Realme appeared to have used an iPhone to demonstrate the gaming performance of their new narzo 30A smartphone!
Find out what happened, and Realme’s response to this new scandal!
Realme Caught Using iPhone To Demo narzo 30A Gaming?
On 20 March 2021, Realme launched the narzo 30A smartphone in Bangladesh, which was live-streamed.
They arranged for three gamers to play PUBG Mobile live, to demonstrate the narzo 30A’s gaming performance.
However, at around the 18:03 mark of the livestream (now removed!), a pop-up appeared on the screen :
Guided Access is an Apple iOS feature, and is therefore available ONLY on Apple iPhones.
In other words, the PUBG Mobile game being shown on the screen was from an Apple iPhone, not the narzo 30A as claimed.
Realme Explains narzo 30A – iPhone Kerfuffle!
This time, Realme is claiming that the video was pre-recorded due to “local pandemic control policy” and the A1 team sent them the wrong file.
They removed the livestream video, and will republish it after “the re-production is complete“.
We Examine The Realme narzo 30A – iPhone Claims
Going through Realme’s statement, we can’t help but feel troubled by a few “logical inconsistencies”…
Issue #1 : Local Pandemic Control Policy?
What local pandemic control policy? They arranged for three gamers to play PUBG Mobile side-by-side, and without face masks too!
Issue #2 : Pre-Recorded For Better Quality?
If the video was pre-recorded, why was there a need for the A1 team members to stand up there and “pretend play”?
If they were concerned about video quality, they should have just streamed the pre-recorded clip directly, instead of displaying it behind the A1 team members, as a large but pixelated video that lacked contrast.
Issue #3 : They Didn’t Check The Pre-Recorded Video?
What makes even less sense is the claim that the A1 esports team recorded their gameplay using the narzo 30A, but sent them the wrong file.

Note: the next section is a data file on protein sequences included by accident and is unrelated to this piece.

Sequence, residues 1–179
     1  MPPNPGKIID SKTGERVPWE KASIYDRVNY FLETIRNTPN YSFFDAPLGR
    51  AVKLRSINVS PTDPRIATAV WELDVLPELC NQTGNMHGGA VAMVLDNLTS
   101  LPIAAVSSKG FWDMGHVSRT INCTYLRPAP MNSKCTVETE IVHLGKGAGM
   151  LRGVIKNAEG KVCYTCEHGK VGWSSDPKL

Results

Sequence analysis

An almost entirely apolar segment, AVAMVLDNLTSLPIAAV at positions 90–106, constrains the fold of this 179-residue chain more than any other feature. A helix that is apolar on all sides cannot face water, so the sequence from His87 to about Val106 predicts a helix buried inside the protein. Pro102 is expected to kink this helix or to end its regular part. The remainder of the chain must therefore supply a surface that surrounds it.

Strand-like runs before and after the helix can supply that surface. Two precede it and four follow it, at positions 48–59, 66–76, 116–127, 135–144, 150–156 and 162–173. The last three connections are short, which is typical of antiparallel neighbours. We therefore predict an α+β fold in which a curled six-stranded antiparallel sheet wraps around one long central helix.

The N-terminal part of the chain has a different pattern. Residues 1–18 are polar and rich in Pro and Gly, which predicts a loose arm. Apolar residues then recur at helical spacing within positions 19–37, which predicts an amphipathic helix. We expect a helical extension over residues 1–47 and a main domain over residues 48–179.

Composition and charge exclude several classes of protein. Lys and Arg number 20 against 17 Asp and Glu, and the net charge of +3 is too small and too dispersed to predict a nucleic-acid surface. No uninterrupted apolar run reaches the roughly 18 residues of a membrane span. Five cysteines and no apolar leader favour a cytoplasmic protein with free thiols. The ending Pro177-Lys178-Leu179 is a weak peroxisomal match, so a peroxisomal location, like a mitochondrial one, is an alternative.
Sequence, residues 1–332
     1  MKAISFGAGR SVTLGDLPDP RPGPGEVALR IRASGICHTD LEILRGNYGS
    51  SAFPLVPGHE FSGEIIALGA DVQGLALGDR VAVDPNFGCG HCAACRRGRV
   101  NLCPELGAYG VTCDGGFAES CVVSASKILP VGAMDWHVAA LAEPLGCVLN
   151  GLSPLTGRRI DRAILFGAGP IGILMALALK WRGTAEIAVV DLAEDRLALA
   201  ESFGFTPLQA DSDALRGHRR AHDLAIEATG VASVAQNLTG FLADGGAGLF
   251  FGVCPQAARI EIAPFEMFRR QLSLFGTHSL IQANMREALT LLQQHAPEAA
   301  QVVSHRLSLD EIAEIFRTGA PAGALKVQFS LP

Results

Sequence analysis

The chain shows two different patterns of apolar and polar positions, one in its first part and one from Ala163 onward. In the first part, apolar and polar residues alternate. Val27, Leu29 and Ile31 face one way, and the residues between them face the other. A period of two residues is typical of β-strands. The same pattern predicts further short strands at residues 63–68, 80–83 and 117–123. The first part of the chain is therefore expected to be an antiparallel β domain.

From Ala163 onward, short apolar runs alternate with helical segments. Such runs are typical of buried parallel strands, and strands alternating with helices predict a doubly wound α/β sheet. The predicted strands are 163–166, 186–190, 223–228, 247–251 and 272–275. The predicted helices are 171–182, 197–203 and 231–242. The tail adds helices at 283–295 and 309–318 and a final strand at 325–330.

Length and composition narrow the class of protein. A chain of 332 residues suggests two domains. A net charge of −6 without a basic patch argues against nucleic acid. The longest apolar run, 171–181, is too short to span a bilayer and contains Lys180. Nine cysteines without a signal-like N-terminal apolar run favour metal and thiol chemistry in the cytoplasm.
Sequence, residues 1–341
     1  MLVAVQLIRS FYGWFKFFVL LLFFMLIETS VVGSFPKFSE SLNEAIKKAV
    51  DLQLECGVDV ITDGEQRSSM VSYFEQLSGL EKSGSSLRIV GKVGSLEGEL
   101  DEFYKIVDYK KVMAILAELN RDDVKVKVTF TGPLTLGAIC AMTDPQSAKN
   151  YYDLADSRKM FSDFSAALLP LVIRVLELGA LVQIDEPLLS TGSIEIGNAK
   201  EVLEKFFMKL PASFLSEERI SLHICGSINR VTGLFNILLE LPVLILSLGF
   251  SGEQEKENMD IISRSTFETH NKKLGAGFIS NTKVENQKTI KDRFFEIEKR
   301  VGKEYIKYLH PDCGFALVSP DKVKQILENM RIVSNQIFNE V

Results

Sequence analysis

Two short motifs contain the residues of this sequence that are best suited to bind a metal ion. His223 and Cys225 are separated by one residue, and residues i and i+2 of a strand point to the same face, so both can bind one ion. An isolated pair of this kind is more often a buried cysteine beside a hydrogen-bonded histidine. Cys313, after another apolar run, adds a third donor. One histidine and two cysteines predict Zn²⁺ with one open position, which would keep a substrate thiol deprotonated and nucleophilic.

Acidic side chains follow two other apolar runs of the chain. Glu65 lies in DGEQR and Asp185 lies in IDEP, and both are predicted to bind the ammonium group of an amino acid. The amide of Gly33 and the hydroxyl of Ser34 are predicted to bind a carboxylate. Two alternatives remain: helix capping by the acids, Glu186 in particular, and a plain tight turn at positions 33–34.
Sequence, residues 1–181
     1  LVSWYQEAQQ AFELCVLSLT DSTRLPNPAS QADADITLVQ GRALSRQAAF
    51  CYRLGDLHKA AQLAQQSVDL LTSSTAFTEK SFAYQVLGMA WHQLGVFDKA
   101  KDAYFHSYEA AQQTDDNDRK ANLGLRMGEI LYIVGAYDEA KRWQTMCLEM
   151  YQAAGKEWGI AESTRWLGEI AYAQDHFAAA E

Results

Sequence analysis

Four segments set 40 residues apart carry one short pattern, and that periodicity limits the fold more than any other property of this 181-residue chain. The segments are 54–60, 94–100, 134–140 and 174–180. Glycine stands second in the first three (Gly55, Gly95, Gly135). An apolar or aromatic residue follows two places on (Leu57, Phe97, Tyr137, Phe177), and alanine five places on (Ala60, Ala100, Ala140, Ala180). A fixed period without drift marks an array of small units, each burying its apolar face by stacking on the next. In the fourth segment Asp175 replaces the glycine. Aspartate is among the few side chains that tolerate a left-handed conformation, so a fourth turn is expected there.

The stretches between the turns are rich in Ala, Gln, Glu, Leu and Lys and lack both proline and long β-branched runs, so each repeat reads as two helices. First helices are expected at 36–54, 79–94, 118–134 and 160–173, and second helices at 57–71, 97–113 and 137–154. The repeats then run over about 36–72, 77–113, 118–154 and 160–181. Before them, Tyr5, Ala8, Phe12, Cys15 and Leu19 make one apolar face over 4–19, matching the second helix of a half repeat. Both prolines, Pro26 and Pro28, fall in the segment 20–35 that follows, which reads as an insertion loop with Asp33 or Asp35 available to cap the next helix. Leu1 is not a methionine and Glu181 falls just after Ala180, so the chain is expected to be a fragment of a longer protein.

Why would the A1 esports team record their gameplay on an iPhone, as well as the narzo 30A? Didn’t Realme check the video they received, to make sure it was from their narzo 30A smartphone?
Which is more likely?
a) they accidentally triggered Guided Access during the livestream, or
b) the A1 team recorded the gameplay on an iPhone and narzo 30A, and accidentally sent Realme the wrong file, and Realme didn’t check their gameplay before streaming it onto the big screen?
You may recall that the Realme team blamed a bug for their fantastical AnTuTu benchmark score. They have yet to adequately explain that either…
Recommended : Realme On AnTuTu Cheating : A Bug? No Guidelines?
narzo 30A – iPhone Scandal : Another Hit To Realme’s Rep
However, a new team apparently took over in the middle of 2019, and it looks like they are willing to risk everything just to gain market share. Perhaps that’s why they coined the tagline, Dare To Leap!.
Since then, they have been hit by revelations that their 90 Hz display only works in certain situations, the recent AnTuTu cheating scandal and now this iPhone streaming scandal.
It’s a real shame, because Realme was doing so well, and building a great reputation for offering great features at a low, low price.
Reputation, as they say, takes a lifetime to build, but can be lost in a second.
We should point out that the Realme narzo 30A is powered by the MediaTek helio G85, which is not affected by the MediaTek benchmark cheating scandal.
Recommended : MediaTek Benchmark Cheating : What Happened So Far
- Realme On AnTuTu Cheating : A Bug? No Guidelines?
- Realme GT Faces Ban After Cheating In AnTuTu Benchmark!
- Realme Chroma Boost Guide + Showcase Of US West Coast!
- The Realme Selfie Guide + Showcase Of US West Coast!
- The Realme Nightscape Guide For Awesome Night Shots!
Support Tech ARP!